Back to the fabulous Eternity Theatre in Darlinghurst, Sydney, comes this inventive production from 2019, with the little matter of a global pandemic intervening since we saw it last. Now, as the mist clears, we can see clearly what Once has to offer: a touching love story, great songs, compelling characters and inventive stagecraft. I feel better already.
The Playhouse itself has been togged out well, with a 4-piece band tootling away before the main event. Inside the tootling becomes a riot of musicians as Dubliners meet Czech immigrants in a pub and the dejected Guy (Toby Francis), about to pack in his guitar for good, meets the unnamed Girl (Stefanie Caccamo), an inspiring immigrant who plays the piano. Before long, they are composing together, specifically the brilliant ‘Falling Slowly’, and the pub is about to explode with talent.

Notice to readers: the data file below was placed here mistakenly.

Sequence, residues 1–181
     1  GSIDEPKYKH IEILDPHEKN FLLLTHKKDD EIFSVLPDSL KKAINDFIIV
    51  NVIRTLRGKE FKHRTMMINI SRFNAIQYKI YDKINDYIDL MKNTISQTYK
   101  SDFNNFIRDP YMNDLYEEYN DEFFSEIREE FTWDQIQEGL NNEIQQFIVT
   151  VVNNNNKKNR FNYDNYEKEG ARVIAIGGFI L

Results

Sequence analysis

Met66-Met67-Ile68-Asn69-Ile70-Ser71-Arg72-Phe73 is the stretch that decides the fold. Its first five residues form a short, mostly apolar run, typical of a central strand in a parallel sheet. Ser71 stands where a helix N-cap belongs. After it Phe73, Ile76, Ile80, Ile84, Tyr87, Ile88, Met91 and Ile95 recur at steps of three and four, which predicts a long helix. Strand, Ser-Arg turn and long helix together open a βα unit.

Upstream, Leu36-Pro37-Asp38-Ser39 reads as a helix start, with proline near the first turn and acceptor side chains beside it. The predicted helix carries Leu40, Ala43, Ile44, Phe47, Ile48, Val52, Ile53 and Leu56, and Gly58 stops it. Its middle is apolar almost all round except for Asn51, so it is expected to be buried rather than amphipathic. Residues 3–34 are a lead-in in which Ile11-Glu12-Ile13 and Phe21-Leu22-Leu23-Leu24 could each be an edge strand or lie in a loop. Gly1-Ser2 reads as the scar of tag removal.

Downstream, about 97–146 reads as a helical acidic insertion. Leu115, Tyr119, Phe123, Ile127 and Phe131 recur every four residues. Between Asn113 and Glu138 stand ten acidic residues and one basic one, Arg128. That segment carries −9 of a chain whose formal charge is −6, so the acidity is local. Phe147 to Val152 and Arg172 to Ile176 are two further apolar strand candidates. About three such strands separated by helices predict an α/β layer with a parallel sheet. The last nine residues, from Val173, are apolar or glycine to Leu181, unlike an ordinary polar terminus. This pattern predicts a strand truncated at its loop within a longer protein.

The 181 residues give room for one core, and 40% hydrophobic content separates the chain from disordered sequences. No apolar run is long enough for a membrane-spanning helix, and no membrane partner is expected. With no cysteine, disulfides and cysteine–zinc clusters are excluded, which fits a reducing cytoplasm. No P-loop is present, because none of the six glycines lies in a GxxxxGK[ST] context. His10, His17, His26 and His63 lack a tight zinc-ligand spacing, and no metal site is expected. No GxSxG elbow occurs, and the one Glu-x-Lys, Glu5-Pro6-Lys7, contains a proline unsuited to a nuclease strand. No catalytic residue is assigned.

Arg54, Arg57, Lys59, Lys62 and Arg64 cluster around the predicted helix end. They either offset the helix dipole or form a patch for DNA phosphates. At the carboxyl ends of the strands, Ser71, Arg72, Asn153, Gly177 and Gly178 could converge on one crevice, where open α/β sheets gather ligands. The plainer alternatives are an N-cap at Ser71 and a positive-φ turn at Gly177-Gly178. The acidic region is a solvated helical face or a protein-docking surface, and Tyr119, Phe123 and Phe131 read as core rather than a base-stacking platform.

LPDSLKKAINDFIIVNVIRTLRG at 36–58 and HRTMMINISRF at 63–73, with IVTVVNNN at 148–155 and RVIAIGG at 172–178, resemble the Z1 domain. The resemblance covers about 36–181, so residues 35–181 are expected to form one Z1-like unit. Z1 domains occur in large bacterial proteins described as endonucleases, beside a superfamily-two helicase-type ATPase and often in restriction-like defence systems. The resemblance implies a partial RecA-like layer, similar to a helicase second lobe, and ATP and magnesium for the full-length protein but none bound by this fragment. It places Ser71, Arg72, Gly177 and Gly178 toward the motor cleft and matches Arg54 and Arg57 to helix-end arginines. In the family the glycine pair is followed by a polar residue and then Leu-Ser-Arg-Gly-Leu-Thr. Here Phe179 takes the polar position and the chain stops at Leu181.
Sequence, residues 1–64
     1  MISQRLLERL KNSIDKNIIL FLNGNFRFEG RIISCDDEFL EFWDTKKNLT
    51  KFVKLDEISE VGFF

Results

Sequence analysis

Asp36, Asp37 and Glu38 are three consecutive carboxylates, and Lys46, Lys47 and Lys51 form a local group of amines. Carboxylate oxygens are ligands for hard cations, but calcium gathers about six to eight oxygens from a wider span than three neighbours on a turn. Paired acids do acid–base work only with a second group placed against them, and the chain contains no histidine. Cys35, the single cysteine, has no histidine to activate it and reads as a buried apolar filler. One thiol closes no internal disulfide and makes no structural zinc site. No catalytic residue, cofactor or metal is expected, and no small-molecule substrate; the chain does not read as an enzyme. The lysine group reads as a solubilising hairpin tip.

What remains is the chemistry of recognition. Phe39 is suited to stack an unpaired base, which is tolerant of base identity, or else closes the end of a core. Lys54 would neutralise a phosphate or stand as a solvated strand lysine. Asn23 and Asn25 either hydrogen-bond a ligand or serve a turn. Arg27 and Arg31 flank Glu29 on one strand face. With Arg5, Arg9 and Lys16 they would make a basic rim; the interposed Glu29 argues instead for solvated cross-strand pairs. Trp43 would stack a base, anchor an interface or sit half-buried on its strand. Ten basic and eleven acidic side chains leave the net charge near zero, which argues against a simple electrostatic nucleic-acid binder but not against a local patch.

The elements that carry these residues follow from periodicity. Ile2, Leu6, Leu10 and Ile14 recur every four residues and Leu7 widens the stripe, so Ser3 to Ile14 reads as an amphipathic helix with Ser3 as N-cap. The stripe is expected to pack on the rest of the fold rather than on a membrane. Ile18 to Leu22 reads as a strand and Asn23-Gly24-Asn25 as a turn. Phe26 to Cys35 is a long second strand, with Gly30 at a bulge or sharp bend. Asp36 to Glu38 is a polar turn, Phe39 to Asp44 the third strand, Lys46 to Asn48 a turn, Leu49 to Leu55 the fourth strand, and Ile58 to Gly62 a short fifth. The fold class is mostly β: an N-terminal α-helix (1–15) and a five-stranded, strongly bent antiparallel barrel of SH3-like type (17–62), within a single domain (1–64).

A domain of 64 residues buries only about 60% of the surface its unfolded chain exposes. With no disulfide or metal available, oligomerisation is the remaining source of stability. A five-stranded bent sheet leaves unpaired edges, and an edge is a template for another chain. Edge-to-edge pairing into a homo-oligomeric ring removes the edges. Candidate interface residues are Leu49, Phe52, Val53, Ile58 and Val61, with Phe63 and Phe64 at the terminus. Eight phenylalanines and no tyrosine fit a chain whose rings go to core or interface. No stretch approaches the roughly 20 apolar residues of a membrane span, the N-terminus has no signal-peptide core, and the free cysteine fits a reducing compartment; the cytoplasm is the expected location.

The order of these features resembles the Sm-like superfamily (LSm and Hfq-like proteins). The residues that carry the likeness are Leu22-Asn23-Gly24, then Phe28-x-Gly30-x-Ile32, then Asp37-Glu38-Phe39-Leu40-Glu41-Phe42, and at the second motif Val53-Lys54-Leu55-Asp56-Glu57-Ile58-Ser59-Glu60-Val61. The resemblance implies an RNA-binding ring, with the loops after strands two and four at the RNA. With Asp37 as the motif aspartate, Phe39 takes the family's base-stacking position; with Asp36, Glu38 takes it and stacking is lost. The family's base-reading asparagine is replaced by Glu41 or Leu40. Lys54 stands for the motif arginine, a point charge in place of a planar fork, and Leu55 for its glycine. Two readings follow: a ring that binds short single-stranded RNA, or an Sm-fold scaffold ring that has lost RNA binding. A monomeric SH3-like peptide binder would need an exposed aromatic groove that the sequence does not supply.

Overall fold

Forget a show band, this talented cast play all their instruments themselves and, while they’re about it, handle some marvellously impressionistic choreography by Movement Director Amy Campbell (who returns later in the year for the much anticipated A Chorus Line.)
All would be lost if we didn’t root for the central couple, sensitive takes on people who aren’t that easy to play. Guy is a passive romantic, but Toby Francis’s mix of vulnerability and strength, not to mention a terrific singing voice, give him dignity. Stefanie Caccamo has a dry Czech humour and, dressed in her plain orange jumper like an Iron Curtain urchin, brings the house down with her music.
Among the talented cast are Drew Livingston as the easily manipulated Bank Manager, Jay Laga’aia as Guy’s father, and Victoria Falconer as the passionate Raza.
Lighting by Peter Rubie is terrific, as is the sound design by Dylan Robinson. The direction by Richard Carroll makes this a sure-fire gem of a show. I have never seen an audience so swiftly and so completely rise to their feet.
Photographer: Robert Catto